Madam Speaker, we knew exactly where we wanted to go. We wanted to be among the countries in the world that had the highest vaccination rates, and we got there.
    Madam Speaker, there is no doubt.
    Interestingly enough, at the Standing Committee on Health, we had some psychologists there this week. When asked very pointedly if they thought that bullying and name-calling was a great way to get people to change their minds, they reminded all of us very clearly that is an absolutely unacceptable way to go about any type of business, and certainly well within those confines of coercion I spoke about.
    Madam Speaker, it is an honour for me to rise in this place to speak to our Conservative opposition day motion, introduced by my colleague from Leeds—Grenville—Thousand Islands and Rideau Lakes.
    The motion reads:
    That, given that Canada has one of the world's highest vaccination rates and every province across Canada has lifted or has a plan to lift vaccine mandates, the House call on the government to immediately lift all federal vaccine mandates in order to:
(a) protect the jobs of federally regulated employees;
(b) enable Canadians to travel unimpeded;
(c) ensure Canada's tourism industry recovery; and
(d) allow for the free flow of goods across the Canadian border.
    This is a motion that I agree with, and it is a motion that is particularly relevant for constituents in my beautiful riding of Niagara Falls, which includes the city of Niagara Falls and the towns of Niagara-on-the-Lake and Fort Erie.
    As members of the House may know, my riding is Canada's top leisure tourism destination in all of Canada. It is also home to four international bridge crossings that connect Canada to the United States. Before the pandemic, tourism generated $2.4 billion in receipts in Niagara alone, and the local tourism sector employed 40,000 Niagara residents. These numbers were record highs in 2019, and they were followed by record lows a year later, as the world entered lockdown in 2020 to deal with the COVID-19 pandemic.
    As we all know, the Canadian travel and tourism industry was hit first, was hit the hardest and will take the longest to recover from this pandemic. Before COVID, Canada's national tourism industry employed one in 10 Canadians and was a $105-billion industry. Today, we are at just 50% of where we were in 2019, and forecasting does not see recovery being achieved until at least the end of 2025.
    For the sake of supporting Canada's travel and tourism industry, we need to get back to the days of 2019, and we need to do so in a safe and responsible way, following what the data and the science is now telling us. That is why I have been encouraged by the remarks of some of Canada's top doctors in this regard.
    On February 18 of this year, CTV News reported Dr. Theresa Tam, Canada's chief public health officer, saying, “We should be able to manage the pandemic going into the future without, I think, some of the more stringent or restrictive public health measures”. Meanwhile, the day before Dr. Tam's statement, Global News reported Dr. Kieran Moore saying, “We do think the highest risk is behind us, that we’re heading into a lower risk environment, and that the need for vaccination policies across Ontario sectors, whether it’s health, or in colleges and universities, is no longer necessary”.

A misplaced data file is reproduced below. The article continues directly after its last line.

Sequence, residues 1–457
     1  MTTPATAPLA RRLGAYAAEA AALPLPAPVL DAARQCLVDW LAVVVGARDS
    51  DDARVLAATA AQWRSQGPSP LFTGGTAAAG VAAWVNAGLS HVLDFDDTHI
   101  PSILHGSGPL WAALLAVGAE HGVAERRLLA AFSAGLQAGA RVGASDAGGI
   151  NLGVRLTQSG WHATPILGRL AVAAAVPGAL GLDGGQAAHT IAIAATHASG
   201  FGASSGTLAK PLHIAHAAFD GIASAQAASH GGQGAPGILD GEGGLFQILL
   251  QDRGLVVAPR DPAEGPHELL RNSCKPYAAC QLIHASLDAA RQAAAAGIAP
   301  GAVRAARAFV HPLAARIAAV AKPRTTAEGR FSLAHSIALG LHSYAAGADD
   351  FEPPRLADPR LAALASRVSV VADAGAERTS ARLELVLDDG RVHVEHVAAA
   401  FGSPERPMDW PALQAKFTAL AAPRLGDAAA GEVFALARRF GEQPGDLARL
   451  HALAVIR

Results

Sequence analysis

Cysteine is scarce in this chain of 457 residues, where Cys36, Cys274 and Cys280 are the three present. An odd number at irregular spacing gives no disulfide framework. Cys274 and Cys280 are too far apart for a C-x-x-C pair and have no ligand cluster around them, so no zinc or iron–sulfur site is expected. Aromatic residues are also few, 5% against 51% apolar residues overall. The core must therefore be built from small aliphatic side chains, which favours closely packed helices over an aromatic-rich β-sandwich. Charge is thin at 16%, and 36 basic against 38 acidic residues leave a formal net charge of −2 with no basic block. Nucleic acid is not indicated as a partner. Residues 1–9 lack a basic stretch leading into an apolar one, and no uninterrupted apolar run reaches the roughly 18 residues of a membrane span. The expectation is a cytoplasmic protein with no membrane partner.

Many of my constituents cannot afford to lose a third consecutive summer tourism season, whether they own and operate a tourism-related business or they are workers whose jobs depend on tourism visitation to our region. We are more than two years into this pandemic, and Canadians simply want a return to their normal lives.
    For many months now, Canada's Conservatives, myself included, have been calling on the federal government to present a plan on how we get out of this pandemic and achieve recovery. While provinces and territories are beginning to reverse their policies and expect to have all of their policies fully reversed by the end of April, we continue to see reluctance and hesitation from the federal government to do the same in areas of its jurisdiction.
    For a long time, Canada's Conservatives have called on this federal government to eliminate all predeparture testing requirements for fully vaccinated travellers. That is why we welcomed the news when the federal government finally made its recent announcement to do just that. However, it is not enough to leave it at that. We need the federal government to do more and to do so more quickly if we are going to have a strong summer tourism season in Niagara. At this delicate and critical time, international travellers are planning their summer vacations. Our jobs as a Parliament and the job of this government is to make it easy for international travellers to choose Canada as their summer tourism destination.
    This year, the ArriveCAN app has been anything but easy for travellers since its implementation. Just today, I received correspondence from the general manager of the Buffalo and Fort Erie Peace Bridge Authority who wrote, “The continued mandatory use of the ArriveCAN app will result in much longer processing times and very lengthy border wait times, which will significantly depress cross-border traffic at a time when we are moving into the 2022 summer tourist season.” He further indicated, “Border delays discourage cross-border travel, and that will continue to adversely impact hard-hit tourism industries in the Niagara region that are trying to recover from two years of pandemic-related border restrictions.”


    These continued federal barriers harm Canada's reputation as a travel destination, and our country continues to be perceived by international travellers as a destination that is too complicated to travel to. We need the federal government to be an international champion for Canadian travel and tourism again.